This time last year, residents of northern Logan County were dealing with excessive heat and drought. This year is different and the numbers tell the story.
In July, Paris got 3.25 inches of rain as measured at the city’s water production plant. Some areas of north Logan County got more rain than that. Last July, Paris got 1.3 inches, according to water production plant manager Jason Cauthron, who keeps weather data. The average rain fall in July is 3.5 inches.
So far, 2.6 inches of rain has fallen this month at the water production plant and other areas of northern Logan County have gotten more than that. The average rain fall in August is 3.1 inches.
“We could reach that this week,” Cauthron said Monday.
According to the National Weather Service forecast, the area had a 40 percent chance of thunderstorms Monday, a 60 percent chance Tuesday and a 50 percent chance today (Wednesday). After that, chances of thunderstorms drop to 10 percent through the weekend.
The numbers also show a serious drop in temperatures as compared to last July and August.
The average daily high in July this year was 93, according to Cauthron. Last July, the average daily high was 102. Last July, there were 23 days of highs above 100 degrees. Only once in July was the high above 100 degrees, Cauthron said.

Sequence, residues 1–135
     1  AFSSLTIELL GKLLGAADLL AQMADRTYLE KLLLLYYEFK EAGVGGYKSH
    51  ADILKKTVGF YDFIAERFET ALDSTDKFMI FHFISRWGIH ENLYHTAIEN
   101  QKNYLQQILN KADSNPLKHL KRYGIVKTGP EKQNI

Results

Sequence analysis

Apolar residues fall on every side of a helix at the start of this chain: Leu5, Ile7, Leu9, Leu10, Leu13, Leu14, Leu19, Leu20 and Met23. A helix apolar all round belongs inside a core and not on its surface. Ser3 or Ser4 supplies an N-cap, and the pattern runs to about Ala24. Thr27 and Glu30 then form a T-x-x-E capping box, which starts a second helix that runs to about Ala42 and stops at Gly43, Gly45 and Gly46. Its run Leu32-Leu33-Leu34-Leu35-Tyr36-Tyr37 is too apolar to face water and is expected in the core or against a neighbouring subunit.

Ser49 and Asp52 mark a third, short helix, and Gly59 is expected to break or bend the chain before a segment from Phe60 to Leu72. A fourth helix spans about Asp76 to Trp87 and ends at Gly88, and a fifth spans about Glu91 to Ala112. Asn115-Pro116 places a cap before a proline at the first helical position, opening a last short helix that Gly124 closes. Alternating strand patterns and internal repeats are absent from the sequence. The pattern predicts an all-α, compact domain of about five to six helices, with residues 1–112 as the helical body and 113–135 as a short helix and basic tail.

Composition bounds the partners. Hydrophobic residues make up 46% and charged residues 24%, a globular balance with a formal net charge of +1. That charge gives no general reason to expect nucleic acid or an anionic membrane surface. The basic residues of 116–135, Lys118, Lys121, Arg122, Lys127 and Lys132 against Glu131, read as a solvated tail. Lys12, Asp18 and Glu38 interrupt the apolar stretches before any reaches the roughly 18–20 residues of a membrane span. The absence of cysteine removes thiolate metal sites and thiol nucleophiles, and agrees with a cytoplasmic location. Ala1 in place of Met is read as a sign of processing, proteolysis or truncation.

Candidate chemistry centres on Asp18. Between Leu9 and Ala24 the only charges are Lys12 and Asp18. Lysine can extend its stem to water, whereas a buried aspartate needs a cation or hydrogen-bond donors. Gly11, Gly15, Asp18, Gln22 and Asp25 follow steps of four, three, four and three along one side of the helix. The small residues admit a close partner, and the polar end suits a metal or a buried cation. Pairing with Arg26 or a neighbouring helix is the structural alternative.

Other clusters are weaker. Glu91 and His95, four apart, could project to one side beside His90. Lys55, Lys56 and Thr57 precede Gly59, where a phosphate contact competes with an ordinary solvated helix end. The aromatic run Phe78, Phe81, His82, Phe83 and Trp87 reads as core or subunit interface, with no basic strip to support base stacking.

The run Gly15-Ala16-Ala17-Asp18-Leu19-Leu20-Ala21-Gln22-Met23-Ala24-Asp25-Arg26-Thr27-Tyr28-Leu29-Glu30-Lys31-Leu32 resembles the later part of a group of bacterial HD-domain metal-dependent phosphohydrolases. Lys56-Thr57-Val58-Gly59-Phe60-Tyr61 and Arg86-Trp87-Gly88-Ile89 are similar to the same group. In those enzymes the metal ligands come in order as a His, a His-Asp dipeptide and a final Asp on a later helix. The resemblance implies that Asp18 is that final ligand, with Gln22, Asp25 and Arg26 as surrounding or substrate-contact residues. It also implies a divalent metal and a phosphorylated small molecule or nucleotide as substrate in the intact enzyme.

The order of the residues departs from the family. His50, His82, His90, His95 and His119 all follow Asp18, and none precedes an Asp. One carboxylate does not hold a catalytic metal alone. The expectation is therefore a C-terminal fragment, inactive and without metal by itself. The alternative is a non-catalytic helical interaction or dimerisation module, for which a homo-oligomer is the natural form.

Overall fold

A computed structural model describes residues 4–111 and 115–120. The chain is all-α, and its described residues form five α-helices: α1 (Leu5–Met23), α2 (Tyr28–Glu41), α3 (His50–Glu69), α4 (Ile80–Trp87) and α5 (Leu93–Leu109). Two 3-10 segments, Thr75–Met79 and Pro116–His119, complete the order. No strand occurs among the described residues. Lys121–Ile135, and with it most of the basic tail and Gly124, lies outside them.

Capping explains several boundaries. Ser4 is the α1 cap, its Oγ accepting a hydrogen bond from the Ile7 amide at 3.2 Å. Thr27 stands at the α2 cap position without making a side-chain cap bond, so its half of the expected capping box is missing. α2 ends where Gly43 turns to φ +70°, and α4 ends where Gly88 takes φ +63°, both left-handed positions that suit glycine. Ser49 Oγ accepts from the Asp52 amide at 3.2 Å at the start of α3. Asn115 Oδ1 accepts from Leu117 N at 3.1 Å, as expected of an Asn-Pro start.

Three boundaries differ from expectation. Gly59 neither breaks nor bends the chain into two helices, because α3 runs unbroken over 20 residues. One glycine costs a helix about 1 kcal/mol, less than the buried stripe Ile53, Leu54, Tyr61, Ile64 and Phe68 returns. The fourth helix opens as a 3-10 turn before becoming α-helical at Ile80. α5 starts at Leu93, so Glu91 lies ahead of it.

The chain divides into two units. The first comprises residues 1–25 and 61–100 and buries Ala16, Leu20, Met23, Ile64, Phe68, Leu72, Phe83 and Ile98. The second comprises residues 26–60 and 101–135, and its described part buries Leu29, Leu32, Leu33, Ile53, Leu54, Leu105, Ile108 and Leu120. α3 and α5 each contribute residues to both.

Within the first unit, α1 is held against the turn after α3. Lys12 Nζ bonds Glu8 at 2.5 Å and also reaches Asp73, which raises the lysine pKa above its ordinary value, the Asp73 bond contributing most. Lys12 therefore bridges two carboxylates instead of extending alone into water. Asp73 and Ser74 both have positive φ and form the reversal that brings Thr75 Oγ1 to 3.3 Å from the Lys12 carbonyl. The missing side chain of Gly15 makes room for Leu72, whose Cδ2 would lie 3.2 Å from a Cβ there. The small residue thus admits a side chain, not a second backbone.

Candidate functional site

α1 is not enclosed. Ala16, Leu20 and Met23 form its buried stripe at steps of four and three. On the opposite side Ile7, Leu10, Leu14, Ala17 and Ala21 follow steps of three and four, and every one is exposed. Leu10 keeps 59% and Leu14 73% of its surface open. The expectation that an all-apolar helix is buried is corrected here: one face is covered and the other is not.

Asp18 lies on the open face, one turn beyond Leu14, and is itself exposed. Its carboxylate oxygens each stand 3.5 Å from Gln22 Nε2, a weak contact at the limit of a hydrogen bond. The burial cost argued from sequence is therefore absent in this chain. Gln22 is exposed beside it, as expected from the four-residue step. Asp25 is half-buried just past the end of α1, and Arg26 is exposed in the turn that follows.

The trend toward lower temperatures is forecast to continue, at least through the end of this week. A cold front is expected to move into the state from the north and highs in the mid to lower 80s are expected for the remainder of this week. Highs in the low 90s are being forecast for the early part of next week.
Although it may seem like it’s cooler, the area is experiencing a normal summer weather pattern after two years of abnormally hot weather.
In fact, the NWS Climate Prediction Center is calling for a normal August.
“We’re in equal chances for both temperature and precipitation,” NWS meteorologist Amy Jankowski told the Fort Smith Times Record recently. “That just means that there really isn’t anything that is indicating below- or above-normal temperatures or below- or above-normal precipitation.”
The weather has also caused a major drop in the demand for fresh water. In 2012, Paris was under some form of water conservation for seven months. This year, there only been one week when area residents were under a voluntary water conservation order.
Last July, the city’s water production plant produced 81.5 million gallons of water. In July this year, the plant produced just 74,956 gallons of water.
“That’s still a lot of water, but it’s a substantial difference,” Cauthron said.